Assessing the performance of antimicrobial concrete admixtures in concrete subjected to microbially induced corrosion
Concrete is the mostly widely used material in wastewater storage, conveyance, and treatment. The hydrated Portland cement in concrete makes it susceptible to degradation under highly acidic conditions. The process known as microbially induced corrosion (MIC) can promote concrete deterioration and incur large maintenance costs. MIC is caused by the metabolic products of two groups of microorganisms. Anaerobic bacterial activity below the water line results in the production of aqueous hydrogen sulfide (H2S). H2S then escapes into the gas phase and is oxidized to sulfuric acid by aerobic bacteria residing on concrete surfaces above the water line. This results in sulfuric acid attack of Portland cement by dissolution of calcium hydroxide and formation of corrosion byproducts, including gypsum and ettringite. The attack gradually moves from the outer surface to the core of the concrete, causing coarse aggregate to be dislodged, reducing wall thickness and destroying structural integrity, and in some case exposing structures to wastewater. Several challenges have been associated with assessment of MIC. First, no standard method has been developed to assess concrete susceptibility to MIC; reproduction of MIC in a laboratory setting is limited by the need to culture specific bacterial strains and by handling of H2S. In-situ experiments are helpful for quantification of the effects of MIC in the field; however, the best locations for sample placement are not clearly defined, and the results are influenced by a number of factors that cannot be controlled in field experiments. In natural systems, concrete deterioration can also be influenced by other factors, including bacteria remaining on the cylinder. A combination of laboratory and field experiments was conducted to quantify the effects of MIC on a range of concrete mixtures, some of which included an antimicrobial agent designed to inactivate the bacteria that promote the process. The laboratory experiments were conducted in an isolated chamber wherein climate was controlled, including gas-phase H2S concentration. Concrete specimens representing 13 mixtures were inoculated with four species Thiobacillus bacteria (Thiobacillus thiooxidans (ATCC® 8085), Thiobacillus neapolitanus (ATCC®23641), Thiobacillus thioparus (ATCC ®8185) and Thiomonas intermedia (ATCC ® 15466). Results indicated that CAC (calcium aluminate cement) mortar, Australian cement, and incorporation of an antimicrobial agent can improve resistance to MIC under moderate MIC conditions (i.e., surface pH>2.0). Rapid deterioration of specimens exposed to more aggressive conditions in the chamber indicated that degradation of concrete under the most severe MIC conditions (i.e., concrete surface pH<2.0) cannot be prevented by manipulating concrete mixture proportions. The second experiment involved a field test designed to evaluate the resistance of 13 concrete mixture designs to H2S exposure of three locations within a municipal wastewater collection system. It was found that exposing to lower H2S (g) concentration can increase concrete resistance to MIC compared to higher H2S (g) concentration. However, the length of exposure was not sufficient to make clear distinctions between the performances of different mixture designs. The third set of experiments involved a test to quantify the effectiveness of the antimicrobial agent for inactivation of pure cultures of planktonic bacteria. Results indicated that the antimicrobial agent performed well for inactivation of pure cultures of Thiobacillus bacteria, except for Thiobacllus thiooxidans under the most severe condition (i.e., a solution pH<2).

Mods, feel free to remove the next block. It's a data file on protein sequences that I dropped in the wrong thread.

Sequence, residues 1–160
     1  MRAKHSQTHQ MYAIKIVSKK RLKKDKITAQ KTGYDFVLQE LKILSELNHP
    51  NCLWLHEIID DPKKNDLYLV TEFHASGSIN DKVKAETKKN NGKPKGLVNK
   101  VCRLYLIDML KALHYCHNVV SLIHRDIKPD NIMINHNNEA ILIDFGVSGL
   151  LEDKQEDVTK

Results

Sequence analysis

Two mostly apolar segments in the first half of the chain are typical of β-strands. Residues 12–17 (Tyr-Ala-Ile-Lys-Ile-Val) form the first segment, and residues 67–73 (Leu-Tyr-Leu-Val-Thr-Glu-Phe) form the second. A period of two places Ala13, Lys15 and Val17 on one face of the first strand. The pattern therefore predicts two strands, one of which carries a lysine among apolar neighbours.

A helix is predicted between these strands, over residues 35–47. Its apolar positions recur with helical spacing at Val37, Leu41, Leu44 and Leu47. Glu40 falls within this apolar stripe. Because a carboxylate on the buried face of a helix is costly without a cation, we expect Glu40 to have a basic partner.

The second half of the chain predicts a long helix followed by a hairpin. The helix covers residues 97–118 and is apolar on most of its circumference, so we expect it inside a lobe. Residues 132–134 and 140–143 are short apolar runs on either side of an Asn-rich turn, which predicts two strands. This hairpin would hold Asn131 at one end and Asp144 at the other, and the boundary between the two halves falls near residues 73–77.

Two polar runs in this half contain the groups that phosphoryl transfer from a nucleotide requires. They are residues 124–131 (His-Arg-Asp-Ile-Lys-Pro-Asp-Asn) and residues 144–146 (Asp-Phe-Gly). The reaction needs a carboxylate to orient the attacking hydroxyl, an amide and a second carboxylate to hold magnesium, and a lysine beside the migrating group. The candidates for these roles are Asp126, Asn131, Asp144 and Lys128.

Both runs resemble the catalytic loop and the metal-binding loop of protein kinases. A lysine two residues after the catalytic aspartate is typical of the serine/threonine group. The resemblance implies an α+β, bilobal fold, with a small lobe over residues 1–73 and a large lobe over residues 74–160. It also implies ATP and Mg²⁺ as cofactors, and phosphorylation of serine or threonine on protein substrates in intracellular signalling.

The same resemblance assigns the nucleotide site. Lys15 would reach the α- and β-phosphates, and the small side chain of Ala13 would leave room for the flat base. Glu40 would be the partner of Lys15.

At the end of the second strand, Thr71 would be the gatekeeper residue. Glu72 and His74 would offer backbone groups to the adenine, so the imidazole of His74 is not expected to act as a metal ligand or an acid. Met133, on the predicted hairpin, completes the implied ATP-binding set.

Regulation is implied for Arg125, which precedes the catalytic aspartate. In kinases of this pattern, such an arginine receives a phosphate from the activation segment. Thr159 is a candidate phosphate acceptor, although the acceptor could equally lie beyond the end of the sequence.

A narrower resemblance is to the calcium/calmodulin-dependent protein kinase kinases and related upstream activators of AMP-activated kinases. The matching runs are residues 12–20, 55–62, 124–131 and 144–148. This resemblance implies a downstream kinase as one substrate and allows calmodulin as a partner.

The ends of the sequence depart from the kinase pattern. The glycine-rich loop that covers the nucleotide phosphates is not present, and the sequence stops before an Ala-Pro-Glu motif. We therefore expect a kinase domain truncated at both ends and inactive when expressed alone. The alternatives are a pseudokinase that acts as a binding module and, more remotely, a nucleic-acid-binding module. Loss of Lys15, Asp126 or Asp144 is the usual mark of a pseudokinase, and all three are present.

Weiss, Purdue University.
Civil engineering|Environmental engineering
Off-Campus Purdue Users:
To access this dissertation, please log in to our